#67 - Sanhedrin 51-57
A Question of Relevance
What is the criterion of "relevance" in matters of Torah study?
This issue arises in our gemara when the Sage Rav is quoted as ruling on a halachic issue concerning what sort of death penalty the Torah stipulates for the married daughter of a kohen guilty of adultery. It is clear from the passage (Vayikra 21:9) that her infidelity is deemed more serious than that of a married daughter of a non-kohen because she "profanes her father" by disgracing his holy status. There is a difference of opinion, however, between Rabbi Simon and the other Sages as to whether the penalty mentioned in that passage also applies to such a woman if she is only an "arusa" betrothed through an act of kiddushin and forbidden to other men but not yet a "nesua" whose marriage is consummated with a Chupa. Ravs ruling in favor of the Sages raised a challenge from Rabbi Yosef as to why we need a ruling for something which will only be relevant in the time of Mashiach when the Sanhedrin will once again be empowered to inflict capital punishment.
Rabbi Yosefs disciple, the Sage Abaye, countered with the argument that it is important to study Torah matters even if they are not relevant today just as we study the laws of Temple sacrifices although they will not be relevant until Mashiachs arrival and the rebuilding of the Beit Hamikdash. But it is the challenge of the master which invited the analysis of the leading commentaries.
The same challenge is found in Mesechta Zevachim (44a- 45b) in regard to a ruling concerning the disqualification of a sacrifice because of an improper intention of the kohen performing the service. (Our texts identity the challenger there as the Sage Rava but Tosefot identifies him as the same Rabbi Yosef as in our gemara.) Tosefot here and elsewhere raises the question why the same challenge is not presented in regard to other halachic discussions in the Talmud which are not relevant to the present. Among the resolutions offered by Tosefot to this problem is that of Rabbi Chaim Kohen. There is no basis for challenging the need for a halachic ruling, he explains, even if it is not relevant today. The two above mentioned challengers, however, both deal with cases of sin adultery of the kohens daughter and disqualification of a sacrifice. The application of the halachic ruling in such cases will only be in the time of Mashiach and then everyone will be righteous so that there will be virtually no need to apply them. This is why Rabbi Yosef felt that rulings in these cases were and would remain irrelevant as opposed to other halachic matters which would regain their relevance in Messianic times.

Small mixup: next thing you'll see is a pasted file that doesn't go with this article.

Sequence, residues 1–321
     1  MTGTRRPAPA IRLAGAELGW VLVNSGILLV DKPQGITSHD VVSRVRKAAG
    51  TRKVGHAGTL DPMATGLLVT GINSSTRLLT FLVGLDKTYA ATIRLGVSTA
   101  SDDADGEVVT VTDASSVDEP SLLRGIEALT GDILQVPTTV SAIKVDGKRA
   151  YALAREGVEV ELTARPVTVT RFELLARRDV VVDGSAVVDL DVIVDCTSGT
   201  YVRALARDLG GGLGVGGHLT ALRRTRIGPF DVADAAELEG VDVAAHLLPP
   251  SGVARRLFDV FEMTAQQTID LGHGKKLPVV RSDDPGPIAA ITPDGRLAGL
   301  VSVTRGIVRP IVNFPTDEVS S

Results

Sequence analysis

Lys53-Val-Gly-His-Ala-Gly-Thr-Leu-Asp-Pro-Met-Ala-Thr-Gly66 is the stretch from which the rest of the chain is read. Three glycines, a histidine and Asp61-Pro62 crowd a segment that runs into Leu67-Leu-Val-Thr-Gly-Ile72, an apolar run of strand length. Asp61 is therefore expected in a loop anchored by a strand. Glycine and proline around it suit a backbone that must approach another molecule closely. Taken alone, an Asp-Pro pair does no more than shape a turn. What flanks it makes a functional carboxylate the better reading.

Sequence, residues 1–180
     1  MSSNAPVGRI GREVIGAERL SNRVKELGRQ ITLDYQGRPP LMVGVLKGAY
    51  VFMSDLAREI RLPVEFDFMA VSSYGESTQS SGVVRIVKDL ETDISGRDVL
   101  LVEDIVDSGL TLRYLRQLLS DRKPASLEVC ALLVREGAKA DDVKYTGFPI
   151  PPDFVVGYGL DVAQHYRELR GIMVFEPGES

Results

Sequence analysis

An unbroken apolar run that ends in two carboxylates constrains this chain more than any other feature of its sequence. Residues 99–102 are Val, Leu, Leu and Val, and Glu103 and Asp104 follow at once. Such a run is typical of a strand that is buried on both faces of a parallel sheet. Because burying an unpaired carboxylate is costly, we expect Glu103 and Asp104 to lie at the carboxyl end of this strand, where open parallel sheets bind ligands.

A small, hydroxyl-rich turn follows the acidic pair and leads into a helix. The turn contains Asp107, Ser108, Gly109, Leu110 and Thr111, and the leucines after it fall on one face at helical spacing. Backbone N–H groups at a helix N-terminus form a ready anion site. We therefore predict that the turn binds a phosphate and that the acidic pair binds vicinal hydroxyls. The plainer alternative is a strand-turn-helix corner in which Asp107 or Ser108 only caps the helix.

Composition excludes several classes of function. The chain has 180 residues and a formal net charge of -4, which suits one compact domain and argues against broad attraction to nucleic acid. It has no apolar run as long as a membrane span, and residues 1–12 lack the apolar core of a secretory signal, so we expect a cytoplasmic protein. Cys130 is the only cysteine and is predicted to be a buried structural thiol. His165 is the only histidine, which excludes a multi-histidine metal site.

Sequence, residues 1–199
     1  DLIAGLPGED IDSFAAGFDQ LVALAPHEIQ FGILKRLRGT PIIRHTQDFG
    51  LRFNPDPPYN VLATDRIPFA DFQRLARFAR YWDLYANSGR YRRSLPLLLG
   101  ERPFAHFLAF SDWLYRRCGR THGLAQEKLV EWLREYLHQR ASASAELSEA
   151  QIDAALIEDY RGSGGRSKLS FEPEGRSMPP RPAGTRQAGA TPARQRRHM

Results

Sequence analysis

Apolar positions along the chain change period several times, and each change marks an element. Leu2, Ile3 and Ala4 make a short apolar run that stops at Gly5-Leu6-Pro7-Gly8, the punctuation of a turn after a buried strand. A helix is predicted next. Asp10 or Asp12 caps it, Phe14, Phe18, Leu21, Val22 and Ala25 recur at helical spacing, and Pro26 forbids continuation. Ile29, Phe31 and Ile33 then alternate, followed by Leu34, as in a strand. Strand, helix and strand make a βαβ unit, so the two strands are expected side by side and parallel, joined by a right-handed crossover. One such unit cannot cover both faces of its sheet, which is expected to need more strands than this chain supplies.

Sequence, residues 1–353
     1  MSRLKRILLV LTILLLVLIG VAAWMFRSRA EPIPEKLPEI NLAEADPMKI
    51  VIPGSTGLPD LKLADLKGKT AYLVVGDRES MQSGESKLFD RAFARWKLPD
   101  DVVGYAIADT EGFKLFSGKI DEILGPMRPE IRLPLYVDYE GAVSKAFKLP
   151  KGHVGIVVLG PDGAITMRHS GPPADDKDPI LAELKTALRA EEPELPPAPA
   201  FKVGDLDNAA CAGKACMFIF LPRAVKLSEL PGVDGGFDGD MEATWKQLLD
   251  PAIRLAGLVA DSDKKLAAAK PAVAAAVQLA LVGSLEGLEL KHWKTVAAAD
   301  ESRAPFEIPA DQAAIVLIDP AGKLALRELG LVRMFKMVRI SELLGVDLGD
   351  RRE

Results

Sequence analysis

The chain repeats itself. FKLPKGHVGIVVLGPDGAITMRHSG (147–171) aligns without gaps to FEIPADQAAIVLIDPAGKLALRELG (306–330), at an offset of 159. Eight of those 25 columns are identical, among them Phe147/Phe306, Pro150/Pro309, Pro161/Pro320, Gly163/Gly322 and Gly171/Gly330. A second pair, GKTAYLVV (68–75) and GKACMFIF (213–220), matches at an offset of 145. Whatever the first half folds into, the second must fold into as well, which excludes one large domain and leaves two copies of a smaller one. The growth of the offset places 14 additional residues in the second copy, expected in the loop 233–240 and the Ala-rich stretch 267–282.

The Seventh Mitzvah
We are all familiar with the seven Noachide commandments which G-d legislated for all of mankind. But why are they referred to as commandments given to the descendants of Noach rather than to the descendants of Adam since he was the first to receive all seven of them?
This problem is based on the statement of Rabbi Yochanan in our gemara that in addition to six others Adam was also commanded to refrain from eating flesh cut from a live animal. This is deduced from the text of the passage (Bereishet 2:16) which ends with the words "eat, you shall eat" which limited his right to eat only things which were intended to serve as food, to the exclusion of a live animal whose function is to reproduce (Rashi).
This view, however, seems to be disputed by the Sage Rav (Sanhedrin 59b) who states that Adam was not permitted to eat any meat, even after the animal was slaughtered. This ban was in effect on all of Adams descendants until Noach who was told that all living things were permitted to him for consumption in the same manner as vegetation had always been but that he could not eat from the animals while they were still alive (Bereishet 9:3-4).
Rambam indeed saw this as a clash of opinions and recorded (Hilchot Melachim 9:1) the latter opinion that Adam received only six mitzvot with the seventh one given to Noach along with his permission to eat meat. This explains why the seven commandments incumbent on all Mankind are referred to as Noachide rather than Adamide.
Tosefot, however, attempts to reconcile the two views. The ban on Adam's eating meat, he writes, related only to slaying an animal in order to eat its flesh. If the animal otherwise died its flesh was permissible but if part of it fell off from its body while it was still alive it was forbidden because Adam was bound by that seventh mitzvah as well.
Some commentaries raise a question regarding this approach. When the gemara challenged the aforementioned view of Rav by citing a statement of Rabbi Yehuda ben Taima that angels broiled meat for Adam to eat, the response was that it was not earthly meat forbidden to Adam but meat which had descended from heaven. According to Tosafots approach the gemara could simply have answered that it was not Adam who slaughtered the animals but the angels. In defense of Tosefot it has been suggested that it is unlikely that the angels would do something in his behalf which was prohibited to him.